It is this Bronze Age culture, given the BMAC name. Gonur Depe is the largest of all settlements in this period and is located at the delta of Murghab river in southern Turkmenistan with an area of around 55 hectares. An elliptical fortified complex, known as Gonur North includes the so called "Monumental Palace", other minor buildings and ritual places, together with the "Royal Necropolis", water reservoirs, all dating from around 2400 to 1900 BC. In Bactria, Northern Afghanistan, the site Dashly 3 is regarded to be from Middle Bronze Age period to Late Bronze age, the old Dashly 3 complex, sometimes identified as a palace, is a fortified rectangular 88 m x 84 m compound; the square building had massive double outer walls and in the middle of each wall was a protruding salient composed of a T-shaped corridor flanked by two L-shaped corridors. The inhabitants of the BMAC were sedentary people who practised irrigation farming of wheat and barley. With their impressive material culture including monumental architecture, bronze tools and jewellery of semiprecious stones, the complex exhibits many of the hallmarks of civilisation.

The complex can b

Gaumee Film Award for Best Cinematography

The Gaumee Film Award for Best Cinematography is given as part of the Gaumee Film Awards for Maldivian Films. The award was first given in 1994. Here is the nominees of the respective award ceremonies. 4th Award: Ibrahim Moosa, Hassan Haleem – Eynaa 5th Award: Moomin Fuad, Ali Shifau – Heylaa 6th Award: Ibrahim Moosa Manik – YoosufIbrahim Moosa – Niuma Ibrahim Moosa – Zalzalaa En'buri Aun Hassan Haleem – Fanaa Ali Shifau – Dhin Veynuge Hithaamaigaa 7th Award: Hussain Munawwar – SazaaHussain Munawwar – Loodhifa Hussain Munawwar – Ingili Ibrahim VisanLove Story Ibrahim Visan – Fathis Handhuvaruge Feshun 3D 8th Award: Shivaz Abdulla – AhshamAli Shifau, Ahmed Sinan – Vaashey Mashaa Ekee Ali Shifau, Ahmed Sinan – Hulhudhaan Ali Shifau, Ahmed Sinan – Emme Fahu Vindha Jehendhen Ali Shifau – Mikoe Bappa Baey Baey Gaumee Film Awards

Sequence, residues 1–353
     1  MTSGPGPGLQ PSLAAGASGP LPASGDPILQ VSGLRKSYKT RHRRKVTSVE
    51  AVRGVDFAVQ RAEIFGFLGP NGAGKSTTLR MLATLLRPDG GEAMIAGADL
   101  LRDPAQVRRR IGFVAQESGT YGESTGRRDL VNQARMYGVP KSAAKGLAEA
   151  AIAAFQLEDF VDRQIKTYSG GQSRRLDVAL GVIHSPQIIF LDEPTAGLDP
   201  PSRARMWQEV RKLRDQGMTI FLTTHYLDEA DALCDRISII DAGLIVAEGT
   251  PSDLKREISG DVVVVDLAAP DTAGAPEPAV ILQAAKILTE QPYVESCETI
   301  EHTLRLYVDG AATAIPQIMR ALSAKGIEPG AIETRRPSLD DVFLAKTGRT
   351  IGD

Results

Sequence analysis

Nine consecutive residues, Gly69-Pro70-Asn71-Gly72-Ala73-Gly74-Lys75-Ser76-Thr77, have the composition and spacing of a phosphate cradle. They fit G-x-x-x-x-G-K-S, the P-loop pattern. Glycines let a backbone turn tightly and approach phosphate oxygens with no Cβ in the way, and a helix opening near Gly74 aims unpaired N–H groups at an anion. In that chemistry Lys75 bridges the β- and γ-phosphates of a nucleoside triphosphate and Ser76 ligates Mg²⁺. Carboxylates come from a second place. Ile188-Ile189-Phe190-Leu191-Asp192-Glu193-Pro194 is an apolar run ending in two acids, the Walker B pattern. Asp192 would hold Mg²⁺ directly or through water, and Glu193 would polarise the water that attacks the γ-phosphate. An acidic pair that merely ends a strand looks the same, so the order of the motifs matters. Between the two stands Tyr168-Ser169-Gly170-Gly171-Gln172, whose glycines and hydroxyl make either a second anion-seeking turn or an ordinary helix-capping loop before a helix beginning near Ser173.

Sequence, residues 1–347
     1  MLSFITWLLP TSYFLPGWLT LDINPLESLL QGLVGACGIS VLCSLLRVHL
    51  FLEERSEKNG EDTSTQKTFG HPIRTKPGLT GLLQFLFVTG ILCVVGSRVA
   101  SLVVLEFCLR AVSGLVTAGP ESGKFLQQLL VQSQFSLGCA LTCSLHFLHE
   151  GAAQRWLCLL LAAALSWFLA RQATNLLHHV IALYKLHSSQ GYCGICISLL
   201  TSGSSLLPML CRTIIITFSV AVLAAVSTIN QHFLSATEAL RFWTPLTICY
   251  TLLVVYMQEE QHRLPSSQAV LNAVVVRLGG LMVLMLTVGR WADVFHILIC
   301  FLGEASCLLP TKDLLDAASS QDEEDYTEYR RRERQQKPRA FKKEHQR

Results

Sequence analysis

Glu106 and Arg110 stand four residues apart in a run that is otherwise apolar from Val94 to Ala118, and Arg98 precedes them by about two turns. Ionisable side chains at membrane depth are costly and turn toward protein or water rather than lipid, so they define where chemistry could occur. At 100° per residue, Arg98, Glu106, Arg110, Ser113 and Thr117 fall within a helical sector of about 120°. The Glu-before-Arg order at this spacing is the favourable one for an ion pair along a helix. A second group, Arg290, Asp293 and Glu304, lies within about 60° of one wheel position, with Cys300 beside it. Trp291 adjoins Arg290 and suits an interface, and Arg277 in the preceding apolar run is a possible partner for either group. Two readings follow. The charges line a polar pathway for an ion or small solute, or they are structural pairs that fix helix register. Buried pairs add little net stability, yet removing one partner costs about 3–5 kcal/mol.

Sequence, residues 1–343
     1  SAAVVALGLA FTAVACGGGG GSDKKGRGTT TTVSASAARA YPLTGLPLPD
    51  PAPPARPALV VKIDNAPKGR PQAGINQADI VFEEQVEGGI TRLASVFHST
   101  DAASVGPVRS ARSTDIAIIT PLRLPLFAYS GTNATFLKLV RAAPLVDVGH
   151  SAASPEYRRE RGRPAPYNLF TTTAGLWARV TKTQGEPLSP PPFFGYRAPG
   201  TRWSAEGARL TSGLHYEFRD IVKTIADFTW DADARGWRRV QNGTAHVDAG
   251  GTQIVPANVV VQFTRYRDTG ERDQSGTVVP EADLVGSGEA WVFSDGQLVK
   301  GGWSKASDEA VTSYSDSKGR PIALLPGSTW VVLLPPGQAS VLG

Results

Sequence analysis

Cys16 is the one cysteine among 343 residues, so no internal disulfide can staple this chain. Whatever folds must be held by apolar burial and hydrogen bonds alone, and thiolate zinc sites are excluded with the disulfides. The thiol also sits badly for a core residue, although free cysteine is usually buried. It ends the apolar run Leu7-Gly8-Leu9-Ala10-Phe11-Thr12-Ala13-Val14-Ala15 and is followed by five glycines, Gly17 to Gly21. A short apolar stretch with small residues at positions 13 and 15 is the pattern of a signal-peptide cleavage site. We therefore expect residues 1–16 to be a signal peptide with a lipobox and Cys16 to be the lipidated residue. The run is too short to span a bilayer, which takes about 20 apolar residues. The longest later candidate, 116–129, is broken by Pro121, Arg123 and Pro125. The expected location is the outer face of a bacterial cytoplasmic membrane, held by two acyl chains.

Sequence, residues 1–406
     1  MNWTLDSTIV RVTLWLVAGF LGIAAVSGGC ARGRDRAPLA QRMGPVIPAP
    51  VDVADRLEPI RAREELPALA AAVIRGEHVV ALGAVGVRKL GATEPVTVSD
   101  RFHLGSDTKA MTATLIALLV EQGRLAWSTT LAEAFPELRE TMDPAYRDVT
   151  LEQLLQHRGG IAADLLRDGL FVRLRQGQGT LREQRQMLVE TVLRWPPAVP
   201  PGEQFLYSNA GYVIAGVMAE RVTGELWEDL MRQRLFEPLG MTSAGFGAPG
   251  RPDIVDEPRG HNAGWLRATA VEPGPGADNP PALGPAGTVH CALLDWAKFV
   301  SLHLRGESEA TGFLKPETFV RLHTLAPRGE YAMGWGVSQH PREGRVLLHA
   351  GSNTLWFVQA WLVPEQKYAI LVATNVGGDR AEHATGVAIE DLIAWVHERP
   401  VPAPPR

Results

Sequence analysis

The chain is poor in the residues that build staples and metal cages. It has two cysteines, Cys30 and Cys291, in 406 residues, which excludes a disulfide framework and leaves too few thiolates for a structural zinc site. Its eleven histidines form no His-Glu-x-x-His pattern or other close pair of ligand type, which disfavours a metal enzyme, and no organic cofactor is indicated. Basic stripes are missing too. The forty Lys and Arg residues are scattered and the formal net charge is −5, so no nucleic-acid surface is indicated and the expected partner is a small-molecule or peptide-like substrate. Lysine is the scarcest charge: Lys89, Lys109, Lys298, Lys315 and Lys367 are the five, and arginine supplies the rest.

William Henry Boulton

William Henry Boulton was a lawyer and political figure in Canada West. He served as Mayor of Toronto from 1845 to 1847, in 1858, he was a member of the Orange Order in Canada. Boulton died in Toronto in 1874. Boulton was born in York in Upper Canada in 1812, the son of D'Arcy Boulton and the grandson of G. D'Arcy Boulton, he entered practice with Gamble and Boulton. He was a keen cricketer, his public support of the Canadian cricket team is said to have furthered his political ambitions, he was first elected to Toronto city council in 1838. In 1844, he was elected to the Legislative Assembly of the Province of Canada, representing Toronto as a Conservative member, he was re-elected in 1848 and 1851, he opposed the bill making King's College a secular institution. He supported making the Legislative Council elective, he was supported by the Orange Order in Toronto and was viewed as a member of the Family Compact. In 1854, he became deputy grand master for the order in British North America. After he left politics, he continued to practice law.

His former residence, "The Grange", is now part of the Art Gallery of Ontario. The Boultons were said to be hospitable people and hosted many guests at the Grange. Lord Elgin, when Governor-General of Canada, was a guest of Boulton in the home when he was Mayor of Toronto, it received the name the Grange after the family estate in England. Boulton lived in the home until his death in 1874. Biography at the Dictionary of Canadian Biography Online Adams, P. A history of Canadian cricket, ISBN 978-1-4466-9652-1